Hampton Roads (Virginia, United States) (search for this): chapter 40
icent rams and iron-clads watching for her at the mouth of the Yazoo, or drawn up in parallel lines to receive her when passing the channel of the great river. She was large, rough, strong, and ungainly-vulnerable in many places, and the top imperfectly covered; so that should a stray shell drop through the roof, her destruction was almost certain, as the magazine was somewhat exposed. Many were desirous of commanding, as it was hoped she might eclipse the doings of the old Merrimac in Hampton Roads, which sank two large frigates and damaged the Monitor; but, after a little reflection, Commodore Lynch gave her in charge of a Mississippian, late of the old naval service, whose name was Brown. This officer grumbled much at the deficiencies apparent in the craft, and particularly at the engines, which were old and of doubtful capacity. Do you refuse to command, sir? ask Jed the little Commodore; if there is any thing you object to in her, state it, and I will go myself-either yo
Halleck (Missouri, United States) (search for this): chapter 40
d to advance slowly upon us, and having more or less completed a vast line of elaborate breastworks, began to manoeuvre on our right, so as to gain possession of the east branch of the Mobile and Columbus road; thus leaving Beauregard in possession of but one line to the South, namely, the south branch of the New-Orleans and Memphis Railroad. This intention was early perceived by Beauregard, who moved counter to the design, without weakening Corinth itself. The labor and pertinacity of Halleck were wonderful. Having to make roads as he advanced into the interior, he employed large bodies of men, and when trenches were opened before Corinth, his army had completed several fine military roads from the Tennessee River to his immediate front. By these roads ponderous guns and immense trains of supplies were drawn from his base of operations on that river, so that for a distance of thirty miles or more, ox, horse, and mule teams were unceasingly moving by night and day, to facilitat
Vicksburg (Mississippi, United States) (search for this): chapter 40
d, under command of Van Dorn, sent to defend Vicksburgh against the fleet of Commodore Farragut advathe city in a good posture for defence. Vicksburgh, situated on the east bank of the river, didt bank of the river, for several miles above Vicksburgh, gradually rises higher than the common leveubject to overflows. The Mississippi, above Vicksburgh, runs west to east, and, suddenly bending, rour batteries! As will be seen at a glance, Vicksburgh was an all-important point to the enemy, whoat the mouth of the Yazoo, a few miles above Vicksburgh, we could plainly see Foote's fleet of gunbor, as sailors would say, lies broadside to --Vicksburgh, being about half a mile across; so that wersupply, in an out-of-the-way river, far from Vicksburgh, thirty miles from the nearest railroad stat inclined to try it again. The woods facing Vicksburgh were literally blown down by chance shots frks. Thus ended the first bombardment of Vicksburgh. I am sorry to say that not less than four [6 more...]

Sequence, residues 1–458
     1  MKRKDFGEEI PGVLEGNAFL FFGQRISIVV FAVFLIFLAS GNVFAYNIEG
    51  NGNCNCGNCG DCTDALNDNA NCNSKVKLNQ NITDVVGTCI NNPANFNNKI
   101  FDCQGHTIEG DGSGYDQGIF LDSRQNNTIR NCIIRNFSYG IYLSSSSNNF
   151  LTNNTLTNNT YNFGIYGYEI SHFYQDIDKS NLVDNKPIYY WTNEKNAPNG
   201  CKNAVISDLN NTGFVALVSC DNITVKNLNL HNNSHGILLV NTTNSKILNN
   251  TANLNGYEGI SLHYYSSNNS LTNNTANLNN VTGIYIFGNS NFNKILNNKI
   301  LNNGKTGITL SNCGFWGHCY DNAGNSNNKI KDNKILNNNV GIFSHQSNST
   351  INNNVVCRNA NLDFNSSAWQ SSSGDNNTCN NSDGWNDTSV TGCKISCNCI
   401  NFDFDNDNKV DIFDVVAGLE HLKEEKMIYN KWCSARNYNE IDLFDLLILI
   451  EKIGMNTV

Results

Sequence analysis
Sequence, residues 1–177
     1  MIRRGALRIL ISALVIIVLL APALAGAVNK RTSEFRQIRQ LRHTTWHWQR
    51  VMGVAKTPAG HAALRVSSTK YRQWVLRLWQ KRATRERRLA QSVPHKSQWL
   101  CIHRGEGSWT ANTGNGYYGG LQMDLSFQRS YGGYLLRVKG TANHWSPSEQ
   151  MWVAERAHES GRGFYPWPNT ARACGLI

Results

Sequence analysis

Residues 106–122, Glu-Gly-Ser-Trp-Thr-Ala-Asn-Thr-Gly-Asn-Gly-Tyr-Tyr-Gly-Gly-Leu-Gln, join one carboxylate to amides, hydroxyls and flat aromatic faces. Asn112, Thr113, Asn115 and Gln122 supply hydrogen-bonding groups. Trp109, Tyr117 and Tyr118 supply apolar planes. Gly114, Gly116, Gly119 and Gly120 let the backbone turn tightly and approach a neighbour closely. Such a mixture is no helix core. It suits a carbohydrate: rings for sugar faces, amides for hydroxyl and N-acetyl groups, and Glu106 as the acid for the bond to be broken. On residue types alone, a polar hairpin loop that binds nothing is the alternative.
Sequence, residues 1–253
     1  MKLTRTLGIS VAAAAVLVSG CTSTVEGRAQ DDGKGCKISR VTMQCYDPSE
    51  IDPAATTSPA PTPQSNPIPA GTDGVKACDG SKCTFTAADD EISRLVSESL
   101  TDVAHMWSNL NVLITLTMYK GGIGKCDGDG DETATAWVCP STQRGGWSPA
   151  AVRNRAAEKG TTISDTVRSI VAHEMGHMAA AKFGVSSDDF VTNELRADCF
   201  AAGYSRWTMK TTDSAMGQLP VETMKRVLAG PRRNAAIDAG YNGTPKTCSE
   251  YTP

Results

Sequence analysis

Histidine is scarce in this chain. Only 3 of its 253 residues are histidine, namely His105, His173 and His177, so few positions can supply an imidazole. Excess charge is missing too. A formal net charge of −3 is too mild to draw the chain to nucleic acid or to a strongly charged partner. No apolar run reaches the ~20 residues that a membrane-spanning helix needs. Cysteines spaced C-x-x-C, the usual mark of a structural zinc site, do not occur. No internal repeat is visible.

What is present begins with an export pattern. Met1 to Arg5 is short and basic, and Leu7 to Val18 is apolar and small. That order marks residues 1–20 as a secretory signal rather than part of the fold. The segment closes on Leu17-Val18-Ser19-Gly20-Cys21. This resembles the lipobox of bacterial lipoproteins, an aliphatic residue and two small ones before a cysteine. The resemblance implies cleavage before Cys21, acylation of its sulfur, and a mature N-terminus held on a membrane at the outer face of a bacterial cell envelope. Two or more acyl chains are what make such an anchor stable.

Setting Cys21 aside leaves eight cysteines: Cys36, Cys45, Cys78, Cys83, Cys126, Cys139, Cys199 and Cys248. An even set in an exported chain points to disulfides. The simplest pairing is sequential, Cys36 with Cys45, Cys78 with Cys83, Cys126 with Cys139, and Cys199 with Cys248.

Tullahoma (Tennessee, United States) (search for this): chapter 40
Corinth both armies intrench magnitude of the Federal works Beauregard suddenly retreats to Tullahoma policy of his retreat the Federals do not follow part of our force detached from Beauregardch sacrifice of life and money, when early one morning our whole army quietly decamped towards Tullahoma, and ere the mists had risen were beyond sight or hearing! A few regiments were thrown outogether with two old locomotives, we lost scarcely any thing worth mentioning, and arrived at Tullahoma without adventures of any kind, save flying rumors from the rear, where General Pope was folloiture was enormous in amount. But to return to my narrative: We had scarcely arrived at Tullahoma ere it was known that Farragut's fleet from New-Orleans, and Foote's from the Upper Mississippton district, short of agricultural supplies, and connected with the interior and main army at Tullahoma by a single track of railroad, much overworked and unsound. As June advanced, and the rivers
North Carolina (North Carolina, United States) (search for this): chapter 40
ts tributaries were floated down; woodmen were busy in the timber at various places, cutting down immense trees, the sound of whose fall, crashing in the forest, was like distant thunder, so that in less than a week a raft was formed in two parts, which, he made fast, would stand butting from all the rams in Lincolndom. Nor could the enemy fire it, for the timber was so green, or so perfectly saturated from months and years of exposure in the water, it might well defy all the turpentine North-Carolina could produce in a century to kindle a single stick of it. This necessary work having been speedily and well accomplished, Lynch and his officers razed one of the vessels, and began the formation of the ungainly Arkansas. Carpenters, wood-choppers, sawyers, blacksmiths, voluntarily gave a hand to expedite proceedings, an old engine was placed in her, and the work of plating commenced. But how were they to get a sufficient supply of plates, bolts, screws, and machinery, remote as they w